1. Introduction In recent years, intermetallics based on aluminium and transition metals, e.g. nickel or iron, have been widely studied. Generally, aluminides seem to be interesting materials in a bulk form or coating due to their superior properties, such as low densities, high melting points and corrosion resistance. The strength of some intermetallics remains satisfactory with increasing temperature or can even increase as the temperature increases. Mentioned properties determine aluminides to be used especially for high- temperature applications. Intermetallic phases containing Ni and Al can differ from Fe-Al in some points. The major advantages of nickel aluminides are e.g. resistance to oxidation and carburization in both oxidizing and reducing atmospheres up to 1100 °C, fatigue and wear resistance or superior creep strength. [1, 2] Iron aluminides are promising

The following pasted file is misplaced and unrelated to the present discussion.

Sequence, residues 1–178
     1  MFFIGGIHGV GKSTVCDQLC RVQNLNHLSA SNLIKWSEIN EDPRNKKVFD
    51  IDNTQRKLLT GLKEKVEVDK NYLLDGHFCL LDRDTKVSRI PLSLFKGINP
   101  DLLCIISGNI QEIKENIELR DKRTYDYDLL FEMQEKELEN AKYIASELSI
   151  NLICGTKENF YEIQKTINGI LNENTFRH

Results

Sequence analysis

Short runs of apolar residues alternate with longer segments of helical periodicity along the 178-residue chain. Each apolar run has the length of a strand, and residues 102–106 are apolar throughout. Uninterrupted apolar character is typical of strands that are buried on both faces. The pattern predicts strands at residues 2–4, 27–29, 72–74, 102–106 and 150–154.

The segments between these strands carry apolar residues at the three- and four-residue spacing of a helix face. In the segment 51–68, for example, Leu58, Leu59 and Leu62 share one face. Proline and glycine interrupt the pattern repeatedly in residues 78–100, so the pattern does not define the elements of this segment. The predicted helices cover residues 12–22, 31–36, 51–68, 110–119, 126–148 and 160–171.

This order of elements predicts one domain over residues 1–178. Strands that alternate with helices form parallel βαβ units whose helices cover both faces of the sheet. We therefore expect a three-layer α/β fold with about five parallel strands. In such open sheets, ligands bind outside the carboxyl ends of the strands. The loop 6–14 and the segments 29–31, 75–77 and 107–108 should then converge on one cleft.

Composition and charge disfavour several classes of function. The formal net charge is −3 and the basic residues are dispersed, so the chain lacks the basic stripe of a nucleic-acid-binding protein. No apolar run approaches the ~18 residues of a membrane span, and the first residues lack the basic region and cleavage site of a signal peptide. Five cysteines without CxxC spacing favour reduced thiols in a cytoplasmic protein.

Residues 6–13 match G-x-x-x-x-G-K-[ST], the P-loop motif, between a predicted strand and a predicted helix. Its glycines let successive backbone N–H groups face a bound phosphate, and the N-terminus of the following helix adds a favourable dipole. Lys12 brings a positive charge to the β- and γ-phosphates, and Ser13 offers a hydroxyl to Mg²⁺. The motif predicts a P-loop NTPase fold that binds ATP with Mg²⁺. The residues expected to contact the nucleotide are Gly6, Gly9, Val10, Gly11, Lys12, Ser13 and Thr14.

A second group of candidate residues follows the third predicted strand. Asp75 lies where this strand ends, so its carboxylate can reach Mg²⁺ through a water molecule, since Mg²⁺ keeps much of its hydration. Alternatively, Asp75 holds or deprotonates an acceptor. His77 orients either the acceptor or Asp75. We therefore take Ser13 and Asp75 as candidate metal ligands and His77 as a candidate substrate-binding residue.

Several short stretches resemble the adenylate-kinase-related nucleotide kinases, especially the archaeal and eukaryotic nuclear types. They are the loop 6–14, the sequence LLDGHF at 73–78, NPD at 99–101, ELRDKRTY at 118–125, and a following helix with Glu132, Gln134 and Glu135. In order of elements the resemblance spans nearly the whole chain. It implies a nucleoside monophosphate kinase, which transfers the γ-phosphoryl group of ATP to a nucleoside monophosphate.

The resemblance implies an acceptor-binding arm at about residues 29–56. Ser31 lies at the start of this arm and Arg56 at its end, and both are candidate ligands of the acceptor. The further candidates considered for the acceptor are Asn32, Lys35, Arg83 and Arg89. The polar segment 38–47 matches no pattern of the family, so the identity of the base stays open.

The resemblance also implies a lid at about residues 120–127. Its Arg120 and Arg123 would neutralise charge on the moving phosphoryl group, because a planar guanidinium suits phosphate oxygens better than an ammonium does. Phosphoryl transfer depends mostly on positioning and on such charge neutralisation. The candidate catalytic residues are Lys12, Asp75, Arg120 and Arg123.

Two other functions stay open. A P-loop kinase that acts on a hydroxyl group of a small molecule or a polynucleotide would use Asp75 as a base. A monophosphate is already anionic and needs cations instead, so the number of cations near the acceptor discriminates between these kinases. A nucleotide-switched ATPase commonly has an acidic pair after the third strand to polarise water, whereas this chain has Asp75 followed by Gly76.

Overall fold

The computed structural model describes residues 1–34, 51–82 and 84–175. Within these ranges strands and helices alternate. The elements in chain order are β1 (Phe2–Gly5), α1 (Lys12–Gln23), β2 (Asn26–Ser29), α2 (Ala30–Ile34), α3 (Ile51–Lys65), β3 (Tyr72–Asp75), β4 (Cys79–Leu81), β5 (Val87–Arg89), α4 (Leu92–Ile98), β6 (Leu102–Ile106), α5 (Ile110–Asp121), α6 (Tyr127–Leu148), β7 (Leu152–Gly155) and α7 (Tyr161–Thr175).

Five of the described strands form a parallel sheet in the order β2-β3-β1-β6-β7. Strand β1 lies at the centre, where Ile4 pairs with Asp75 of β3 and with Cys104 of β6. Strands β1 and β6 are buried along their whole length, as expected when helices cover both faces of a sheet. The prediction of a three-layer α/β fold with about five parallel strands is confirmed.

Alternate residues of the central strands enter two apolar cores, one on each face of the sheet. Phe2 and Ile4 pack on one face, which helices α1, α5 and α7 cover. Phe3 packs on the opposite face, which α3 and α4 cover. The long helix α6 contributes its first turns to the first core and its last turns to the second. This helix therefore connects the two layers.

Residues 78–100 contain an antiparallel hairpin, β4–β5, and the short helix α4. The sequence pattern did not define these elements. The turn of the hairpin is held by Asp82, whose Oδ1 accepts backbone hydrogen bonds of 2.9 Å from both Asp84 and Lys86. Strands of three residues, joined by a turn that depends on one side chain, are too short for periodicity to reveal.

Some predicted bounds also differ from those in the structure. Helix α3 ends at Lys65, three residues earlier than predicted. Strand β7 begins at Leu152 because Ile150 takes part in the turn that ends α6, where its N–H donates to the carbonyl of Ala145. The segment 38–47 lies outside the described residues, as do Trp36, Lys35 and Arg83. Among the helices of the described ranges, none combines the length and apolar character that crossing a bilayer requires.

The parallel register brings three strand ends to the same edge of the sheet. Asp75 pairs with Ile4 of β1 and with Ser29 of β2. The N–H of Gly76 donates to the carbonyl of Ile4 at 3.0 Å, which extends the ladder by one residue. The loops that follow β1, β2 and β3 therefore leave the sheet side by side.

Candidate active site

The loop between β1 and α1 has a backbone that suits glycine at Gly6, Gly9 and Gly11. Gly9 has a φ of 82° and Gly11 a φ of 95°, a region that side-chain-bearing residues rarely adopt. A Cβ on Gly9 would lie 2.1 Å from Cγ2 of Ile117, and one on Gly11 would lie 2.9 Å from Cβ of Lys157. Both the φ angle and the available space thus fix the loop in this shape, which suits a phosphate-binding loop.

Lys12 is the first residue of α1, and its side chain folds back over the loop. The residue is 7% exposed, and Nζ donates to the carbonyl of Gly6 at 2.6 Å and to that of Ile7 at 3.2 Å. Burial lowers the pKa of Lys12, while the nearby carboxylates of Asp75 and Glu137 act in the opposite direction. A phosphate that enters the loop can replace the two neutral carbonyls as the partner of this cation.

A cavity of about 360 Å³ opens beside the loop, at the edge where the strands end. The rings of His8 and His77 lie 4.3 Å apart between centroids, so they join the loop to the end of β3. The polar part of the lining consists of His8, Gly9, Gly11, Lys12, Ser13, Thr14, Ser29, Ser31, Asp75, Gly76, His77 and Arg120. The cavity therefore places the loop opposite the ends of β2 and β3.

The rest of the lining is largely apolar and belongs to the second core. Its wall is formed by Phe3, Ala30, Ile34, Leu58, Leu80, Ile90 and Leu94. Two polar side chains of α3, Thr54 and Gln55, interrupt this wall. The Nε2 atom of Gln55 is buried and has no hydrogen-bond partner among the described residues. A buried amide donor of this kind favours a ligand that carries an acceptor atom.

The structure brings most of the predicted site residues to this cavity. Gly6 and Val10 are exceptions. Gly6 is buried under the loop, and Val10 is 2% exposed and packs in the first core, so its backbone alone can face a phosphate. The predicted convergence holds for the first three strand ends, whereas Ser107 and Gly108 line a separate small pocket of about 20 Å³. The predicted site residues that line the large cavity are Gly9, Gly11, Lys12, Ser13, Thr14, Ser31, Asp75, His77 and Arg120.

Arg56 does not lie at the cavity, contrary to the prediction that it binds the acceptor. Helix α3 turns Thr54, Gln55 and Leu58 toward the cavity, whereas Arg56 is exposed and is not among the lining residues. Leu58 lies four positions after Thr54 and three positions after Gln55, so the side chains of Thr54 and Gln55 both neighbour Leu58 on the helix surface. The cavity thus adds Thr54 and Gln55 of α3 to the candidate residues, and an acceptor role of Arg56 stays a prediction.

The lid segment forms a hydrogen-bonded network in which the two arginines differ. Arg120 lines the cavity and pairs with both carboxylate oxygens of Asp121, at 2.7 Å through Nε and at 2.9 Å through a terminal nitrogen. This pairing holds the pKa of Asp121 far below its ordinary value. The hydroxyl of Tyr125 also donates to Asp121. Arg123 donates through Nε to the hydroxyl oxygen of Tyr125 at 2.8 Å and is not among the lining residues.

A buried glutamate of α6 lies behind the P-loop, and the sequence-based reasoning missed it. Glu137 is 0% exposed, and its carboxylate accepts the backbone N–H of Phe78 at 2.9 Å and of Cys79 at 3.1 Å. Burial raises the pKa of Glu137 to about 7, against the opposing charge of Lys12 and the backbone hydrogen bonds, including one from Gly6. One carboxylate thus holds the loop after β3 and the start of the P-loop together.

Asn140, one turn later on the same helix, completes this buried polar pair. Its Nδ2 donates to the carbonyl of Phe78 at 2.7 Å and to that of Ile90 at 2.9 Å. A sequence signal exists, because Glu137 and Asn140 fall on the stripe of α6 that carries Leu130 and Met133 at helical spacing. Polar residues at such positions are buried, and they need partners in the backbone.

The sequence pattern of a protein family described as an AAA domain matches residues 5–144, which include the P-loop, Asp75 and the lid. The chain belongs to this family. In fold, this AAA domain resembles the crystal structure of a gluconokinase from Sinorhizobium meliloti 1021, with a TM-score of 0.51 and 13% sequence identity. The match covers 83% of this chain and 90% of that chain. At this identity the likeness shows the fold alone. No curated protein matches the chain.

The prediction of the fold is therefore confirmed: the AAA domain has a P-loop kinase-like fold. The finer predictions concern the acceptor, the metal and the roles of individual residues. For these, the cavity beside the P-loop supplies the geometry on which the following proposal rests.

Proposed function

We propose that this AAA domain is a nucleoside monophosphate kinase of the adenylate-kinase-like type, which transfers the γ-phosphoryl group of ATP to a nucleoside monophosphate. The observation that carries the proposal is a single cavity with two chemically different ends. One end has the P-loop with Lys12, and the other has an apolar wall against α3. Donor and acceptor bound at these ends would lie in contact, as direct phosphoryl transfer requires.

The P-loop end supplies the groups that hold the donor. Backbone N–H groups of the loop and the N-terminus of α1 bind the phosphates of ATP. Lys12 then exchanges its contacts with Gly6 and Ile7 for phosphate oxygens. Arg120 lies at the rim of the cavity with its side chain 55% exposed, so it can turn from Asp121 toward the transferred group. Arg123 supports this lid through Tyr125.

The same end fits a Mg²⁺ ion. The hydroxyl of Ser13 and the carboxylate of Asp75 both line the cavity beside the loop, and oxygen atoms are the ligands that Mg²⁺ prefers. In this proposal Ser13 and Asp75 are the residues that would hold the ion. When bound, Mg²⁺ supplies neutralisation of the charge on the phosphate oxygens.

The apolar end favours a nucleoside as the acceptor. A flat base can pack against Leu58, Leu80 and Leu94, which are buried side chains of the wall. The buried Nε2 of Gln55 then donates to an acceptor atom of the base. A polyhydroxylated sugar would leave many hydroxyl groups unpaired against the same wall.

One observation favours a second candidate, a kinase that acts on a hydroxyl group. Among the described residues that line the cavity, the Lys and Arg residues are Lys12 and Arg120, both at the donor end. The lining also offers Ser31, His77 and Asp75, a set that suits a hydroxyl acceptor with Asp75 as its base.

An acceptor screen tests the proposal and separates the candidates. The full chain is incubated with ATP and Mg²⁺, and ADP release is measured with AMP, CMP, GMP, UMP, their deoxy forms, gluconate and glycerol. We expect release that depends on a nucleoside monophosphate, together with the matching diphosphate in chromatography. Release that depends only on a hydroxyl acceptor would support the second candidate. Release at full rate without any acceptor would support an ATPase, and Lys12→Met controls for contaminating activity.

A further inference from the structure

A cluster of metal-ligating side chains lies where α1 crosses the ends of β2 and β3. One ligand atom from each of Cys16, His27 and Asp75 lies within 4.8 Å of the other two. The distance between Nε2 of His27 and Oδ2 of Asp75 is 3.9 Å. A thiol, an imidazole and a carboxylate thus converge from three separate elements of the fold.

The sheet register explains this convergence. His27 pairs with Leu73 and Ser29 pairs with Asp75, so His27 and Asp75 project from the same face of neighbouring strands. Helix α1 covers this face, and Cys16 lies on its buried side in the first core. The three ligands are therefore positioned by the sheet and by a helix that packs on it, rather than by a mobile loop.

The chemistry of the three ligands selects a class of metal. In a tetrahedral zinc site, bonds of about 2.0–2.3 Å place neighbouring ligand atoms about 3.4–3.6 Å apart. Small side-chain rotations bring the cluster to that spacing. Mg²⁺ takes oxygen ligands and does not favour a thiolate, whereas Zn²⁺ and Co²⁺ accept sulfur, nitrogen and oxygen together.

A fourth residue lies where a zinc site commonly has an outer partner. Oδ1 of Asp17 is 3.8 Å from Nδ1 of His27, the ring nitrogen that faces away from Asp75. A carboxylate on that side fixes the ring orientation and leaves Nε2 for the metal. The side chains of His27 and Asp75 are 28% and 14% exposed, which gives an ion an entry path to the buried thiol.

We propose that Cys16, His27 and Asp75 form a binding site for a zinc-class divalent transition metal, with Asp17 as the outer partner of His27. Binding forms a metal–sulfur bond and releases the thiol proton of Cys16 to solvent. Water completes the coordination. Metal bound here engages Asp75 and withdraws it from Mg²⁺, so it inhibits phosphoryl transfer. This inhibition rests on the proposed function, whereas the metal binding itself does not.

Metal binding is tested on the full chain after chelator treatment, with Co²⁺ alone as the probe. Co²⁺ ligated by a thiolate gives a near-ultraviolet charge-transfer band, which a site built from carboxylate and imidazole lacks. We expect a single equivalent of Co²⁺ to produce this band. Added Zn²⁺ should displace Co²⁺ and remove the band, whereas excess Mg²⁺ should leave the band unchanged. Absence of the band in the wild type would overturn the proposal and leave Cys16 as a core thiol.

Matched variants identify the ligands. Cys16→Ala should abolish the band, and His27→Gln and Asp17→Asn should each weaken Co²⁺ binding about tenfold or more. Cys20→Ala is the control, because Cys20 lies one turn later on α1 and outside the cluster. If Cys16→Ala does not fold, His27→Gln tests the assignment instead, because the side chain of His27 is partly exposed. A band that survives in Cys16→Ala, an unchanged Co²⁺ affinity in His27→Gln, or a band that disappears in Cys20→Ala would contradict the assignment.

Article info Article history: Received 17 December 2012 Accepted 30 April 2013 Online 28 July 2013

Keywords: Aluminide; Protective layer; Nickel coating; Fe2Al5.

ISSN 1335-0803 (print version) ISSN 1338-6174 (online version)